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The palaeoecological context of the Oldowan–Acheulean in southern Africa


The influence of climatic and environmental change on human evolution in the Pleistocene epoch is understood largely from extensive East African stable isotope records. These records show increasing proportions of C4 plants in the Early Pleistocene. We know far less about the expansion of C4 grasses at higher latitudes, which were also occupied by early Homo but are more marginal for C4 plants. Here we show that both C3 and C4 grasses and prolonged wetlands remained major components of Early Pleistocene environments in the central interior of southern Africa, based on enamel stable carbon and oxygen isotope data and associated faunal abundance and phytolith evidence from the site of Wonderwerk Cave. Vegetation contexts associated with Oldowan and early Acheulean lithic industries, in which climate is driven by an interplay of regional rainfall seasonality together with global CO2 levels, develop along a regional distinct trajectory compared to eastern South Africa and East Africa.

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Fig. 1: Wonderwerk Cave.
Fig. 2: Enamel stable isotope results for the three most abundant tribes.
Fig. 3: Timeline and climate parameters of the past two million years.
Fig. 4: Mean δ 13C (‰) values for equids and Alcelaphini from sites in East and South Africa between 2 and 1 Ma.

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We are grateful to D. Morris (McGregor Museum, Kimberley) for granting permission for stable isotope sampling and to A. Gledhill (University of Bradford) for stable isotope measurements. All enamel samples were exported under a South African Heritage Resources Agency (SAHRA) permit (Permit ID 1898). M.E. received funding from the German Academic Exchange Service (DAAD), the Boise Fund Trust (University of Oxford) and the Quaternary Research Association (QRA). Research at Wonderwerk Cave, including on the fauna used in this study, is funded by grants from the Canadian Social Science and Humanities Research Council to M.C. We thank L. Scott for his invaluable input.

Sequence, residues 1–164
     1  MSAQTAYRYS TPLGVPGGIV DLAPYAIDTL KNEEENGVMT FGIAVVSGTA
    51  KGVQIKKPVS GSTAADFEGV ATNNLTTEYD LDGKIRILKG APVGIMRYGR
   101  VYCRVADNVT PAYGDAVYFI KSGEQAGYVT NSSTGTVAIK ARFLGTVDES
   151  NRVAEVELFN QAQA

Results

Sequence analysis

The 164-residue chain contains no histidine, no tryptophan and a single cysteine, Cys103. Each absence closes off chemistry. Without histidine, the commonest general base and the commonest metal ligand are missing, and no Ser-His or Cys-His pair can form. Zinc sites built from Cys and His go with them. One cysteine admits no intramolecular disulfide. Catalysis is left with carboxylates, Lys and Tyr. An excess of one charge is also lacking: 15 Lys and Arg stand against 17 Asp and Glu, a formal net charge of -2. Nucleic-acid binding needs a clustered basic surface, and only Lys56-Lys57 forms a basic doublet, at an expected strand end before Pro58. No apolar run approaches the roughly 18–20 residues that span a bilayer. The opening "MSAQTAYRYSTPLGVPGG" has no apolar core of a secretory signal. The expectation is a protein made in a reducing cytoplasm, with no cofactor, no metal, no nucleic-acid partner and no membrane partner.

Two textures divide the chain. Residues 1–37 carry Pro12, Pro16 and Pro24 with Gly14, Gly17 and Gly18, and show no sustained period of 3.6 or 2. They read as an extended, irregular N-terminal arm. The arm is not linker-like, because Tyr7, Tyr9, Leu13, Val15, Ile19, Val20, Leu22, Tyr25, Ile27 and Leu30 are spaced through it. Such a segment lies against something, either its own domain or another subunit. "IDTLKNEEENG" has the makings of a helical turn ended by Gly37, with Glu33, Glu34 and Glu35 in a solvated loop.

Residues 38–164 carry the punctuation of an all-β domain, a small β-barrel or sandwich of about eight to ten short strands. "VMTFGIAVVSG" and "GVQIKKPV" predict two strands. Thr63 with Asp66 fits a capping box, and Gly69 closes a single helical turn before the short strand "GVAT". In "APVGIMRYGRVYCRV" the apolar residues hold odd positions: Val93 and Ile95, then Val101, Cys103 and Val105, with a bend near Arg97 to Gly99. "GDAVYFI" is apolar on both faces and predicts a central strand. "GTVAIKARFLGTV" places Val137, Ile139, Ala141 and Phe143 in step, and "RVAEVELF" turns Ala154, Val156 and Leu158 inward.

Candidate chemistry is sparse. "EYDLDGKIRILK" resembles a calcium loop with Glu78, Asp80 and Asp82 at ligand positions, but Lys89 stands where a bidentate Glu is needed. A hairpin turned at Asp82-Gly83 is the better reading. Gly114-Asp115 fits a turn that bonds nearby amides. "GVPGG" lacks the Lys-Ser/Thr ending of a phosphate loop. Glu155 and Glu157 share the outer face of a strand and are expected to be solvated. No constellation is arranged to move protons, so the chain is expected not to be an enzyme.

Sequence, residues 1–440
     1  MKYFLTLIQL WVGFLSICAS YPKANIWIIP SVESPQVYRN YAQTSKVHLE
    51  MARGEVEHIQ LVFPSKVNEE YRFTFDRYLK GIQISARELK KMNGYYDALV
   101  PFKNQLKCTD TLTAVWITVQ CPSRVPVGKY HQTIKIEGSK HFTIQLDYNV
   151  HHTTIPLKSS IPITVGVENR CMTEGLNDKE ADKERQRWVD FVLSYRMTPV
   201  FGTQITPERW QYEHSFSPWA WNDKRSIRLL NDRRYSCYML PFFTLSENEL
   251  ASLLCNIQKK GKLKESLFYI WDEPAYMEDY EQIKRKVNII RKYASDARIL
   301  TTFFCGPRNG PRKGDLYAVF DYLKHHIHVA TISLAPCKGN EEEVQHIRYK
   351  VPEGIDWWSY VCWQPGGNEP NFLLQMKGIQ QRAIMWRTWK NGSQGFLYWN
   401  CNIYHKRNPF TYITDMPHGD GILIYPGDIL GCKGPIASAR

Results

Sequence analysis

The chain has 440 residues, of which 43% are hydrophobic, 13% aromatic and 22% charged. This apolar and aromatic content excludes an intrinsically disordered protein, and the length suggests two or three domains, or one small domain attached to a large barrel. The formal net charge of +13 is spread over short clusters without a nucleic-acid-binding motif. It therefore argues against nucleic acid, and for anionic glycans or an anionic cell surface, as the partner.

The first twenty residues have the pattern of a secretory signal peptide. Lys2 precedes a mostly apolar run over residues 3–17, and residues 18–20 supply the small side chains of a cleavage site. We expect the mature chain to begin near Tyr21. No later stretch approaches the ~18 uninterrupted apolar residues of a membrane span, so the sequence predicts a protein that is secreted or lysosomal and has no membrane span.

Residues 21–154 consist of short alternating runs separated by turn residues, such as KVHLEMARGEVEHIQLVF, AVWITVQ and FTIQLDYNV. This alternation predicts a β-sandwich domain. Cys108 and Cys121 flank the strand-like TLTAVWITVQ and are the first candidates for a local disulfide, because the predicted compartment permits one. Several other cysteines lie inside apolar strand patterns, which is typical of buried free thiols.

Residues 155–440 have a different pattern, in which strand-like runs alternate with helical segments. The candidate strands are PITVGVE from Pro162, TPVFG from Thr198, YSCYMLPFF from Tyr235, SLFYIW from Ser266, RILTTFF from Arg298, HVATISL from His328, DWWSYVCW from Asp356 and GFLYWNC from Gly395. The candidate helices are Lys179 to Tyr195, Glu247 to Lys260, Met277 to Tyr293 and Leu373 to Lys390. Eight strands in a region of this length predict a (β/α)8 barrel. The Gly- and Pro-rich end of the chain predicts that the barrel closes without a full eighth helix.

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M.E., L.K.H., M.C. and J.L.-T. were responsible for research design and M.E. conducted the stable isotope analysis. J.S.B., L.K.H. and L.R. provided material and data. All authors contributed to discussions and writing of the manuscript and approved the final version.

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Correspondence to Michaela Ecker.

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Carbon and oxygen stable isotope measurements for herbivore enamel samples of Stratum 12–5 (Exc. 1) and Stratum 2 (Exc. 2), indicating specimen number, species, origin and tooth type

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Ecker, M., Brink, J.S., Rossouw, L. et al. The palaeoecological context of the Oldowan–Acheulean in southern Africa. Nat Ecol Evol 2, 1080–1086 (2018).

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